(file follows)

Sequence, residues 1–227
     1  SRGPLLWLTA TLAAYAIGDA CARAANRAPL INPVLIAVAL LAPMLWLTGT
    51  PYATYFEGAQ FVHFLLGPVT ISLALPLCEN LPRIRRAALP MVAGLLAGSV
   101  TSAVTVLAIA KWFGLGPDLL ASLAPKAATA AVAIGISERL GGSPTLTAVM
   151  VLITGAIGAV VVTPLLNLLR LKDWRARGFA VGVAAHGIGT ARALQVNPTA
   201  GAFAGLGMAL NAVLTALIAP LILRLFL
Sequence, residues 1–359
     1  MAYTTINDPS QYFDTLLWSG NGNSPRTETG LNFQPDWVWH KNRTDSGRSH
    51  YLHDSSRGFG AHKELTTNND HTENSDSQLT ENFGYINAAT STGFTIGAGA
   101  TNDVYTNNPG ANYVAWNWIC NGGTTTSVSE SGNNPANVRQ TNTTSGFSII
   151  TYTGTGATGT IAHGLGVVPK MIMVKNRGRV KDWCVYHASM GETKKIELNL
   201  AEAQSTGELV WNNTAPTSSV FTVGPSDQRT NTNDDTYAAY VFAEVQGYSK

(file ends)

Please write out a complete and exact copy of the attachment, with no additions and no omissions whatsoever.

Sequence, residues 1–227
     1  SRGPLLWLTA TLAAYAIGDA CARAANRAPL INPVLIAVAL LAPMLWLTGT
    51  PYATYFEGAQ FVHFLLGPVT ISLALPLCEN LPRIRRAALP MVAGLLAGSV
   101  TSAVTVLAIA KWFGLGPDLL ASLAPKAATA AVAIGISERL GGSPTLTAVM
   151  VLITGAIGAV VVTPLLNLLR LKDWRARGFA VGVAAHGIGT ARALQVNPTA
   201  GAFAGLGMAL NAVLTALIAP LILRLFL
Sequence, residues 1–359
     1  MAYTTINDPS QYFDTLLWSG NGNSPRTETG LNFQPDWVWH KNRTDSGRSH
    51  YLHDSSRGFG AHKELTTNND HTENSDSQLT ENFGYINAAT STGFTIGAGA
   101  TNDVYTNNPG ANYVAWNWIC NGGTTTSVSE SGNNPANVRQ TNTTSGFSII
   151  TYTGTGATGT IAHGLGVVPK MIMVKNRGRV KDWCVYHASM GETKKIELNL
   201  AEAQSTGELV WNNTAPTSSV FTVGPSDQRT NTNDDTYAAY VFAEVQGYSK